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  • Writer's pictureAttorney Bonilla


Updated: Jun 16, 2022

In addition to the direct health threats caused by COVID-19, domestic violence is rampant. As shelter-in-place orders are in effect across the country, many domestic violence victims are being forced into close quarters with their abusers. Victims may find it more difficult to access resources during this confusing time, but there is help out there. Here is what you need to know about protecting yourself from domestic violence during the COVID-19 outbreak.

The National Domestic Violence Hotline defines domestic violence as "a pattern of behaviors used by one partner to maintain power and control over another partner in an intimate relationship'.

In Florida, to seek relief from domestic violence, you must establish that you are a victim of domestic violence or that you are in imminent danger of becoming a victim of domestic violence. The Florida Statute defines victims of domestic violence as having experienced any assault, aggravated assault, battery, aggravated battery, sexual assault, sexual battery, stalking, aggravated stalking, kidnapping, false imprisonment, or any criminal offense resulting in physical injury or death of one family or household member by another family or household member. However, legal relief is available if the abuse is mental or verbal, such as a repeated pattern of demeaning you or financial abuse, such as your abuser trying to withhold medical treatment or necessities from you.

While many people think of domestic violence as violence between romantic partners, many jurisdictions include these additional people as potential offenders:

• Ex romantic partners
• People related by blood or marriage
• Other members of your household
• A co-parent of a child in common
• People who previously resided together
• A dating partner


In the wake of the pandemic, calls to the National Domestic Violence Hotline have increased, especially calls citing COVID-19 as a 'condition of their experience.' Between March 16 and April 5, 2020, 2,345 people contacted the hotline and cited this concern. Many of these people have described an abusive partner who is leveraging COVID-19 to per­petrate abuse or intimidate them.

After New York's Secretary to the Governor promoted the state's domestic violence hotline, an increased number of domestic abuse incidents occurred. New York City's domestic violence resource website also saw visits more than double from March 18 to April 5, 2020.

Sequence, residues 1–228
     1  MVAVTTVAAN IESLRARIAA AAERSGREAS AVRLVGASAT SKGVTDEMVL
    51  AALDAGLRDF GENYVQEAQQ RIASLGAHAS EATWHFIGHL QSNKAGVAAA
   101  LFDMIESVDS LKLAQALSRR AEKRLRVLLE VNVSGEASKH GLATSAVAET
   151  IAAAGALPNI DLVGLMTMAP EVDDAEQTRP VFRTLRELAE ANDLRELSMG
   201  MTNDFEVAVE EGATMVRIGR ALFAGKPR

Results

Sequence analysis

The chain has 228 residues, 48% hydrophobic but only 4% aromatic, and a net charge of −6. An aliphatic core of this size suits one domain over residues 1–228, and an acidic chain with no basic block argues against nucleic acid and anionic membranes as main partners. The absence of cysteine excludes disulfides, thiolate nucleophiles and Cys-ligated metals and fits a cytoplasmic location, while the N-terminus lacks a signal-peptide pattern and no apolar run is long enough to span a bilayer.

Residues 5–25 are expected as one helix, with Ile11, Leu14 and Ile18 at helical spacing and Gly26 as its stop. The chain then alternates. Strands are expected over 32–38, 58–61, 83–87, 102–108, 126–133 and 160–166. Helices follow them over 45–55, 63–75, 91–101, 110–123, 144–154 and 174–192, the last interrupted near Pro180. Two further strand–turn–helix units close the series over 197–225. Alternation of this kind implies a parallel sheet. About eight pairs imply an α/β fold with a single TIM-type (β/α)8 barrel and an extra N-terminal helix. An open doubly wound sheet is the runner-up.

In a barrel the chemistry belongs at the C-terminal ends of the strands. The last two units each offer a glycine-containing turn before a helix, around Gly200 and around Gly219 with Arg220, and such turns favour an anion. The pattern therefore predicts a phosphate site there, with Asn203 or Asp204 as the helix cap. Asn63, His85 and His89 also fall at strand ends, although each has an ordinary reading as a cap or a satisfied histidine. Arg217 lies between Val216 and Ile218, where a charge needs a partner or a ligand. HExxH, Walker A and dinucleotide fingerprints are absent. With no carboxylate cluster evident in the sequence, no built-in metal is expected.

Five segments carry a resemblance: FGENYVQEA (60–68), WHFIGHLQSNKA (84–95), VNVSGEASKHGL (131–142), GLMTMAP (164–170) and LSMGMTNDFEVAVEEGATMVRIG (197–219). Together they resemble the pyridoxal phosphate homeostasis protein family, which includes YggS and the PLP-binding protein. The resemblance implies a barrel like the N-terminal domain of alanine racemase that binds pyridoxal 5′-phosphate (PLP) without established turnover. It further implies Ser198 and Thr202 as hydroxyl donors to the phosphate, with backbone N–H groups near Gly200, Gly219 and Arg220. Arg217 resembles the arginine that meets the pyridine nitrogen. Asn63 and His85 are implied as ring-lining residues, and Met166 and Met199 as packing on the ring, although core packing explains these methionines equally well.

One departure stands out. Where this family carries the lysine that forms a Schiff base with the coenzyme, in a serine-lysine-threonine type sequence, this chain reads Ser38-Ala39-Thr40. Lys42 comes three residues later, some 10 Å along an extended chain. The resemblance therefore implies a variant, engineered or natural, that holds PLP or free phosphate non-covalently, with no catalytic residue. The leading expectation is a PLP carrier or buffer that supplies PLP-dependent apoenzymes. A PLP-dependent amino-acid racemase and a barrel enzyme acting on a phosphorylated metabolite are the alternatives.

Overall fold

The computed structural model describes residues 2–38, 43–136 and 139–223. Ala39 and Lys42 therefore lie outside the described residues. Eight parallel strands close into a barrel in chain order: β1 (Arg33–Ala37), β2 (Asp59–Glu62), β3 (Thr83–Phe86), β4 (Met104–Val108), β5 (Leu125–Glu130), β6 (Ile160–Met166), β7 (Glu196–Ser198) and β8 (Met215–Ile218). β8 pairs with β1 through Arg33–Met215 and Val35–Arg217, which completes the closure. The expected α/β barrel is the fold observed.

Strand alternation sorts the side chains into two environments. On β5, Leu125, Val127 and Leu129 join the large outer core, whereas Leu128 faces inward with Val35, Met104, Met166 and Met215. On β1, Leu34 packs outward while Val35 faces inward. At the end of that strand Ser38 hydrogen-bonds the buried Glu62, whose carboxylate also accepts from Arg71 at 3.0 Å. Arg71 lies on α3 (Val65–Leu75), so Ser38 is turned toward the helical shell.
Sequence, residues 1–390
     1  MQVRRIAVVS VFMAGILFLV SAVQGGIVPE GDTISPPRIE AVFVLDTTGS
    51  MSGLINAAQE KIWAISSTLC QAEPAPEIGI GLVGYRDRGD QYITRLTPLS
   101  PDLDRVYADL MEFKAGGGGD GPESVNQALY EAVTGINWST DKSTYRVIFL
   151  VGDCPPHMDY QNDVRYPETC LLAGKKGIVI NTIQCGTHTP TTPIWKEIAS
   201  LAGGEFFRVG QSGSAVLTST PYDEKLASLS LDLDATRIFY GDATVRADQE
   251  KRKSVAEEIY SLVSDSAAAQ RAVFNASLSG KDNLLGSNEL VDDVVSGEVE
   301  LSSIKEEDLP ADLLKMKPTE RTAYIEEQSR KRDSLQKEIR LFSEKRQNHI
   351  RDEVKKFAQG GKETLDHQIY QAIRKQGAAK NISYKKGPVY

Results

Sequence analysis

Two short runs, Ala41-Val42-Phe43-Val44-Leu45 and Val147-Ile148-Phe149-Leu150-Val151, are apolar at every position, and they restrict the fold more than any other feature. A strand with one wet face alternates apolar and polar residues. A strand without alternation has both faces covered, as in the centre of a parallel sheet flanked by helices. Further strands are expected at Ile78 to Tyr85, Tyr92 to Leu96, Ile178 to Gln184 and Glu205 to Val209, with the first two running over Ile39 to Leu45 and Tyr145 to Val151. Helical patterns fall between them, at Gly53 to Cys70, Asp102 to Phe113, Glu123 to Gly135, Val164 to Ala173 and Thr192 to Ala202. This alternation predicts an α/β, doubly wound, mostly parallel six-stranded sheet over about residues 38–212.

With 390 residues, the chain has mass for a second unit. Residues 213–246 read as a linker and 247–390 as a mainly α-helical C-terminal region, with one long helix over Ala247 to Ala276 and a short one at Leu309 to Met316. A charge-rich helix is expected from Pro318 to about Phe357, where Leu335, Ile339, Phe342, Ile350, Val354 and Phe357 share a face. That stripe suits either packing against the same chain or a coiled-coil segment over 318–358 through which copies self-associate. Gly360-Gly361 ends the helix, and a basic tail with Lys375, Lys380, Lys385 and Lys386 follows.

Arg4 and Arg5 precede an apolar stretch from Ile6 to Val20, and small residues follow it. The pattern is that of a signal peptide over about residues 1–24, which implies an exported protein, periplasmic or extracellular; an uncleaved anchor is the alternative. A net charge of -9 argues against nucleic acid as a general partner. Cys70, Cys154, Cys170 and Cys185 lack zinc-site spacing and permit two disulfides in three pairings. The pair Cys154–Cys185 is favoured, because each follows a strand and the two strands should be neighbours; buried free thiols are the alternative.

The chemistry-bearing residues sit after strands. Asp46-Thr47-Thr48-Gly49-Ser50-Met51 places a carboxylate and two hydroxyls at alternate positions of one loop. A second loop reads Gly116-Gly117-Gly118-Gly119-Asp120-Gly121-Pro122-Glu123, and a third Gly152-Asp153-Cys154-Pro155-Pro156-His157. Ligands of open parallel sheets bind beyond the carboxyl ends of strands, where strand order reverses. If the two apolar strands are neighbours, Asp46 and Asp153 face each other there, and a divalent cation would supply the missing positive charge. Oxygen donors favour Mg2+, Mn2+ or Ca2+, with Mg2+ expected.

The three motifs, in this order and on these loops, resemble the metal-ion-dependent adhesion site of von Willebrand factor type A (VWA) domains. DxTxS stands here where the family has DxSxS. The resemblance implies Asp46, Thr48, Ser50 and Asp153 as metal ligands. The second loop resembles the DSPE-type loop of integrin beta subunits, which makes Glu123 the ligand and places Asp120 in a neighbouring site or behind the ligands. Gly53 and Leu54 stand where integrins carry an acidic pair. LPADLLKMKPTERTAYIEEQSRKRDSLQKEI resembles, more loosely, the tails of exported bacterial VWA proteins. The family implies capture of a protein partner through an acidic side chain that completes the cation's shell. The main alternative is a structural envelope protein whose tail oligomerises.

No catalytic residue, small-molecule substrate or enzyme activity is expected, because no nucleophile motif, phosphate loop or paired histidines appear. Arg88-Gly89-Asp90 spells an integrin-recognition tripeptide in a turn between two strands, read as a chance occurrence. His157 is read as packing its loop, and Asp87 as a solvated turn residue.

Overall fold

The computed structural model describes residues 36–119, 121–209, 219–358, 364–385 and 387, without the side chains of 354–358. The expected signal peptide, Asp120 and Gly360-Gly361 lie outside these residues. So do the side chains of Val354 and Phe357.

The New York Times reported that there has been an increase in demand for services from domestic violence around the world.

Reasons why the pandemic has caused an increased number of domestic violence incidents include:

People are in close quarters
With shelter-in-place orders, people are confined in close quarters, potentially with their abusers. Domestic violence increases when people spend more time together, which is why there are often more reports of domestic violence during holidays.

Higher tensions
Given the massive impact that COVID-I9 has had on people's everyday lives, tensions are high in many households. A recent job layoff may be increasing concerns surrounding money. Children are home because schools are closed, and parents may be trying to help with school assignments while working from home. This added stress may make strained relationships even worse and ultimately devolve into violence.

Shelter in place orders
Many jurisdictions across the nation have instituted shelter-in-place orders that restrict people's movements to essential travel only. Domestic violence victims may believe that they cannot leave their homes or may not know where to go.

Fear of seeking medical treatment
Some domestic violence victims who have called into hotlines have reported fear of seeking medical treatment for their domestic violence injuries. They are concerned about going to hospitals or other medical facilities and being exposed to COVID-19.

Fear of putting others at risk
Other victims are concerned about leaving an abusive relationship and moving in with other people who may be more vulnerable to the virus. For example, they might be afraid to move back in with their older parents who may be at greater risk of becoming seriously ill or dying from the virus.

Lack of resources
Communities are suffering financially with shortages in staff and supplies, which as in turn affected the local community. Additionally, many organizations are struggling financially due to a decline in donations, limited staff and stretching their limited resources to tend to patients with COVID-19 and those who have been negatively impacted economically due to the virus. Additionally, some victims report that their abusers are withholding funds or medical supplies as an additional way to leverage the COVID-19 situation and to further isolate their victims.

Closed organizations
Some domestic violence organizations and auxiliary services have temporarily closed due to the current pandemic. For example, New York City's Family Justice Centers offices where domestic violence victims visit in person for assistance have been closed since March 18, 2020. Without access to domestic violence shelters or related organizations, victims may be forced to suffer in place.

Closed courts
The closure of many courts may delay when a domestic violence victim can file a petition for legal assistance. Even if courts are open for emergency orders, domestic violence victims may not be aware of the steps necessary to access the court.

Domestic violence victims have legal options that can help prevent further abuse. Many courts that are otherwise closed are still open for emergency orders. The courts in Florida may conduct in-person hearings for domestic violence, but alternatively court hearing are being held virtually by remote platforms like Zoom or Microsoft Teams and telephone. To establish that a case is an 'emergency" rather than a "routine" filing, you may have to prove that you or your property is in imminent danger of hamn.

All states offer some form of relief such as an order of protection, protective order, restraining order or similar legal mechanism, which bans an alleged abuser from having direct or indirect contact with the victim. This order may prohibit the abuser from being within a certain number of feet from the victim. The order may also instruct law enforcement to escort the abuser from a shared residence and prohibit him or her from coming to the victim's place of work and other places he or she frequents.